7th over: Australia 37-1 (Head 18, Smith 2) Woakes finally gets his line right with his first delivery of an over and in so doing he beats Head’s outside edge. He does the same to complete his set of six. In between, singles keep the strike rotating but one of them almost leads to a run-out when Head calls Smith through despite the latter bellowing “WAIT!” to the non-striker.
6th over: Australia 35-1 (Head 17, Smith 1) Just two singles and the wicket form Moeen’s first over. England are into the contest after a torpid start.
Bold and interesting from Moeen Ali, bringing himself on early. Nothing was happening with his seamers and the pitch is clearly going to favour the slow bowlers, but can he survive in the powerplay? Yes, yes he can! His first delivery has Warner fishing around off stump and his second is swept straight to Dawson at square-leg. Superb captaincy from England’s stand-in. That changes the complexion of this phase of the game, especially with England selecting three frontline spinners.
5th over: Australia 33-0 (Warner 16, Head 16) Five overs, five times the first ball has gone for runs. However, for the first time they come behind square on the off-side, four of them, with Warner clattering an uppish square cut off a Woakes. The first bowler-induced false stroke of the day with a Woakes offie gripping in the pitch and finding the thick outside edge of Head’s bat. No chance comes of it and the hosts continue to build an ominous opening partnership.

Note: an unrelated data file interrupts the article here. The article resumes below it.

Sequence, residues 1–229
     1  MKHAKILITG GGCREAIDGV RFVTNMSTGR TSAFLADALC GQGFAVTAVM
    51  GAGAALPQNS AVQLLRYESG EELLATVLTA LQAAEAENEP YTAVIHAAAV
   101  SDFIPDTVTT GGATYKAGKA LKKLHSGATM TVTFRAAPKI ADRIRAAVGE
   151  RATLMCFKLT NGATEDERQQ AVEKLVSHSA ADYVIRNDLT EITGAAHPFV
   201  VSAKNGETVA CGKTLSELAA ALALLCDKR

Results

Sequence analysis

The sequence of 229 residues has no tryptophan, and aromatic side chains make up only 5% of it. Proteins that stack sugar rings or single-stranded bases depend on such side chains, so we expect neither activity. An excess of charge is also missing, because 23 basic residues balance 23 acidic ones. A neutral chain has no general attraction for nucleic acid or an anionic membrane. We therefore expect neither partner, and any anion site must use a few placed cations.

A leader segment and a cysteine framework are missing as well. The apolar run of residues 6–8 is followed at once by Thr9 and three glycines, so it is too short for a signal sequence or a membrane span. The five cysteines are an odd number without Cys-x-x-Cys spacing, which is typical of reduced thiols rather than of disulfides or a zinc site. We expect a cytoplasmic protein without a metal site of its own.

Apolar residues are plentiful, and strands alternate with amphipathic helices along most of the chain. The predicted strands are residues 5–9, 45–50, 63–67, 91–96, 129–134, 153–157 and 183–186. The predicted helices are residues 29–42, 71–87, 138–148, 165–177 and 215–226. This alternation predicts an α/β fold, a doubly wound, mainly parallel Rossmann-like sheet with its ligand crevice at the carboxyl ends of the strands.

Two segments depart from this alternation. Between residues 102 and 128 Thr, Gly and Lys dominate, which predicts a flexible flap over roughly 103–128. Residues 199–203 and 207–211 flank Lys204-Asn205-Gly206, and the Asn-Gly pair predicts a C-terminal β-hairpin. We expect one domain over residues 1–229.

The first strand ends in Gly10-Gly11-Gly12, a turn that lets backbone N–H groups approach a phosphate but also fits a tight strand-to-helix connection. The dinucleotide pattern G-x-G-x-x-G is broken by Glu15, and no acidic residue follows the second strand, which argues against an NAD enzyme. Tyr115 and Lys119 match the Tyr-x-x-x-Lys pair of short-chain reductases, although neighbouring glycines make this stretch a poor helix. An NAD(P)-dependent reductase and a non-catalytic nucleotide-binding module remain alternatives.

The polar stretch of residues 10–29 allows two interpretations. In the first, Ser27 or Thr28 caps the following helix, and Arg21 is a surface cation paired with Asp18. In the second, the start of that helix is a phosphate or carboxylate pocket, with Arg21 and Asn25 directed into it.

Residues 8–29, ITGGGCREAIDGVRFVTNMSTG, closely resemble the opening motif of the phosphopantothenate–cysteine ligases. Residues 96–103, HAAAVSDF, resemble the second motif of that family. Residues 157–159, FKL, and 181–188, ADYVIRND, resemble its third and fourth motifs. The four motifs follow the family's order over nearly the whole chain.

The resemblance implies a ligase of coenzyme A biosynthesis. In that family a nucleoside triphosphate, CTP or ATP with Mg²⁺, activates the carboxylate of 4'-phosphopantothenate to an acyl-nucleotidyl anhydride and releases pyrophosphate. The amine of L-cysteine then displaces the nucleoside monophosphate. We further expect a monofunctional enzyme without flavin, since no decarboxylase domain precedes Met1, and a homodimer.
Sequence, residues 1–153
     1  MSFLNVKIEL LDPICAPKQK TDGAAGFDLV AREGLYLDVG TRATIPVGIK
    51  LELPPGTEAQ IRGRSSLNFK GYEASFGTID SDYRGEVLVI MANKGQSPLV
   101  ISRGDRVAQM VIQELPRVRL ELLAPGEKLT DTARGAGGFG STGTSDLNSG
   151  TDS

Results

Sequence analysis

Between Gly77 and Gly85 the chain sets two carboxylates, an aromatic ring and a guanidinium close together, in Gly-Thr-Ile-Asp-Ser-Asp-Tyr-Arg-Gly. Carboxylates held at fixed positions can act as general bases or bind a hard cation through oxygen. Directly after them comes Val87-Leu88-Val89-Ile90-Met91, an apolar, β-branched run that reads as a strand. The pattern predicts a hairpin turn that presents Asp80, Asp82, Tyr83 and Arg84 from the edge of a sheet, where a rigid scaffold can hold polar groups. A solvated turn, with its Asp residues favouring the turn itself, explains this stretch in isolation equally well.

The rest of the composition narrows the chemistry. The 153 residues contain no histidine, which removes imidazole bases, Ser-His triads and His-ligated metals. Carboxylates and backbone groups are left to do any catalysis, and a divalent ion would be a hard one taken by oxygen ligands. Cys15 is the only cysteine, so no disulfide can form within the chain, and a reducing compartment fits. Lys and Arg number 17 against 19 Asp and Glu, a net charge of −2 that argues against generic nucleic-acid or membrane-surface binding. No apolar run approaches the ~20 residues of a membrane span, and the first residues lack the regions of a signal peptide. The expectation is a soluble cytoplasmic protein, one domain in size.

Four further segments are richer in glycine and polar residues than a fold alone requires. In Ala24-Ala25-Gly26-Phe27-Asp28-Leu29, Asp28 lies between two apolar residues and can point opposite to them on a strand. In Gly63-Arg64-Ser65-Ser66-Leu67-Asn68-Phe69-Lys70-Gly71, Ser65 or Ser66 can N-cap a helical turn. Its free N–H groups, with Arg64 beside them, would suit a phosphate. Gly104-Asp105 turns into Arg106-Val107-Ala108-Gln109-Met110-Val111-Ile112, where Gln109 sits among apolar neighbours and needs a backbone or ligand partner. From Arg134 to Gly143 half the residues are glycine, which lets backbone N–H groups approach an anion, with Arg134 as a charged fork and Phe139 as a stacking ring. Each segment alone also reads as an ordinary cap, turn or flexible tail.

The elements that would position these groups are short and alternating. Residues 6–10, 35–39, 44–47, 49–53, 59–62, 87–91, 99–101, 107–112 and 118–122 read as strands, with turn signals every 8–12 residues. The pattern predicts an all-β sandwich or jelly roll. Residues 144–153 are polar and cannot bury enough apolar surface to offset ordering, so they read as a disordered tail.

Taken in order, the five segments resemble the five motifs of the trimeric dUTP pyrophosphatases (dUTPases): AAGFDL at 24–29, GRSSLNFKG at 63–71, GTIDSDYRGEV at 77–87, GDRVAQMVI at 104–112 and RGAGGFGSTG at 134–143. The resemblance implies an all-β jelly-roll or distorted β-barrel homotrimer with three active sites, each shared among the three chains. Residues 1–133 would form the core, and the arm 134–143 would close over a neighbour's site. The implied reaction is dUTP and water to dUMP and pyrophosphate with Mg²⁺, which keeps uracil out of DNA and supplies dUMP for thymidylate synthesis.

4th over: Australia 24-0 (Warner 10, Head 13) Guess what? Another over begins with a run behind square on the legside. This time it’s a leg-bye, but still, poor bowling. Moeen has adapted to the conditions, replacing catchers behind the wicket with ones in front, acknowledging the lack of pace in the pitch and menace in his fast-medium attack. But all the catchers are spectators when Willey drops short and Warner slaps him disdainfully over midwicket for a one-bounce four. England are going to need 20 good overs in the middle from Rashid and Dawson, and maybe ten more from Moeen.
3rd over: Australia 18-0 (Warner 5, Head 13) Three overs in a row now begin with Warner scoring behind square on the legside. This is not good from England. The pitch almost comes to Woakes’ rescue next ball with a shooter that scoots under Head’s swipe. The opener adjusts and times the next ball through the V for a sumptuous on-driven four. Warner reclaims the strike but almost gives his wicket away with that short-arm bunt he occasionally calls on, lobbing into the on-side just short of midwicket. Clearly this surface is going to be hard to trust.